Assistant Secretary of Labor Victoria Lipnic, when asked whether the Department of Labor is considering modifying an agreement reached with Wal-Mart in January that requires DOL inspectors to provide 15-day advance notice of any child labor inspections.Why change it? Take a look at some of the youth fatality investigation reports from the National Institute for Occupational Safety and Health. Like this one:
A 16-year-old male produce-market worker (the victim) died from crushing injuries after being caught in the vertical downstroke baling machine that he was operating. The victim, working alone in the basement of a small produce market, was crushing cardboard boxes when at some point in the compacting process he was caught by the machine's hydraulic ram. The victim was discovered by an exterminator spraying the basement, who notified the store manager to call police and emergency medical services (EMS).Or this:
October 21, 2001, a 15-year-old male pizzeria worker was killed when he became entangled in a machine used to mix pizza dough. The victim had arrived in the United States from Guatemala one month before the incident and had been working at the family-owned pizza restaurant for two weeks. He was paid to do odd jobs at the restaurant, mostly sweeping and cleaning. On the night of the incident, he was cleaning the pizza dough mixer as the restaurant was closing for the evening. He was working alone in the kitchen as the remaining staff cleaned the adjoining dining room. He apparently lifted the cover of the mixer, uncovering the 32-inch-diameter mixing bowl, and started the machine. As he reached in to the bowl to clean it, he became entangled on a large mixing fork (beater) that rotated inside the mixing bowl. His co-workers heard him scream, but were unable to reach him in time.Or this:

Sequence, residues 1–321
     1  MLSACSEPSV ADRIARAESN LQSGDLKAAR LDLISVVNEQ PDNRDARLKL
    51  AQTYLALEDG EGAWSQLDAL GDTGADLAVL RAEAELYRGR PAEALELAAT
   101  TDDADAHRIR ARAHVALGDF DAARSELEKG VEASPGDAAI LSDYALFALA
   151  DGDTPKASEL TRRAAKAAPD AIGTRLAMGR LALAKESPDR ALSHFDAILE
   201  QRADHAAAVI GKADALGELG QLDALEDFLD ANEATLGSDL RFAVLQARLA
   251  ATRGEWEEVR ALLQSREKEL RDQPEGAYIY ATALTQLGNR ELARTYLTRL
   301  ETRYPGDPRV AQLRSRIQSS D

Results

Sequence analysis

On July 2, 2001, a 17-year-old male warehouse laborer (the victim) was fatally injured when the sit-down-type forklift he was operating tipped over and crushed him. The victim apparently lost control of the forklift, which had a load on its forks and the mast fully extended, as he was making a right turn, causing the forklift to tip over 90 degrees onto its left side. The unrestrained victim was crushed under the extended boom/mast of the forklift.Responding to pressure from congressional Democrats like George Miler (CA) and Ted Kennedy (MA) as well as labor unions, the Labor Department's Inspector General announced yesterday that it would conduct an investigation "to review the circumstances surrounding" an agreement between DOL and Wal-Mart that required Labor Department inspectors to warn Wal-Mart stores before inspecting them for child labor and other labor standards violations.
Wal-Mart thinks it's just about them. According to Wal-Mart spokesperson Gus Whitcomb,